Published in For Teams

3 asynchronous collaboration models for distributed teams

Nate Martins
Marketing
6 min read

In-person models for collaboration are rarely effective for remote work, which has its own challenges (and is becoming more popular every day).

Distributed teams face problems of distance, social disconnection, time zone delays, and Zoom fatigue. However, those issues often come from the application — or expectation — of collaboration and communication techniques that were designed for life in the office.

A house with smoke coming out of its chimney.

Distributed teams and asynchronous work require their own unique models and the right collaboration software to work together effectively.

We’ve created a list of asynchronous collaboration models that you can adopt (and adapt), including suggestions for the right tools for each particular hurdle faced by distributed teams.

1. Spread company culture and encourage socialization with internal documentation

Internal documentation doesn’t have to just be an encyclopedia of work processes: it can — and should — enforce your culture as well. Company culture can get lost (or not created at all) in a situation with a distributed team, but it’s important for keeping all team members on the same page.

Company culture also fosters the social relationships that are easy to lose with virtual teams of any kind.

Reinforce your brand through internal documentation

The tabletop gaming company Metaverse uses Notion to promote socialization, which it does in a unique way that bolsters its culture of gaming. And this culture helps unite the team and spreads their product’s tone throughout the company.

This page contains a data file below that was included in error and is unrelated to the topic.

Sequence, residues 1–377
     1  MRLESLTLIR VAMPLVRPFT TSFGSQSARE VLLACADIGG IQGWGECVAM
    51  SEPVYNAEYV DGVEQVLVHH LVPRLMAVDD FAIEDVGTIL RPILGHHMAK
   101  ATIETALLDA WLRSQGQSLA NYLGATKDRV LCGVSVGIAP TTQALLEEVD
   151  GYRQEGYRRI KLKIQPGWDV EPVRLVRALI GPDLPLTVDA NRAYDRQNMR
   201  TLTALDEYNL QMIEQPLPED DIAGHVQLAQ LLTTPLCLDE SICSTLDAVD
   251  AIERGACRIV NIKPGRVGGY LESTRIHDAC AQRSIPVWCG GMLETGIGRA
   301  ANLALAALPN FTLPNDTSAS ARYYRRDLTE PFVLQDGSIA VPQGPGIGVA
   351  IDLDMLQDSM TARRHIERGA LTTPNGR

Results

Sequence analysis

Team members create a “character sheet” in the employee directory and share this with the team. This character sheet mimics the ones used in tabletop games and shares personal details about the team member. Employees even include a small pixel cartoon character of themselves on their sheet. This cartoon avatar looks like it could have stepped out of an old-school video game and is commissioned from an artist.

Are the expense and effort necessary? Not in the strictest sense. But these fun character sheets reinforce the fun, game-focused culture Multiverse has cultivated.

Organize social interaction with your internal wiki

It can sound a little silly, but distributed teams need to be reminded to socialize. Not only is socialization a benefit to their mental health, but it’s also one of the faster ways to create and spread company culture.

At Notion, every Friday over Zoom, a new employee presents their life story document — a collection of pictures, videos, stories, and more that takes viewers through the presenter’s life however they see fit. This is on the shared company calendar, of course. But the life story also lives in Notion’s internal wiki, specifically in the company’s people directory.

Teammates get to know each other better through these life stories, of course. But because they’re housed in the wiki, employees old and new can revisit these life stories to build an even stronger connection with their teammates. Whether it’s shared pasts, empathy, or favorite ice cream flavors, these life stories spur conversations that might have not existed without them.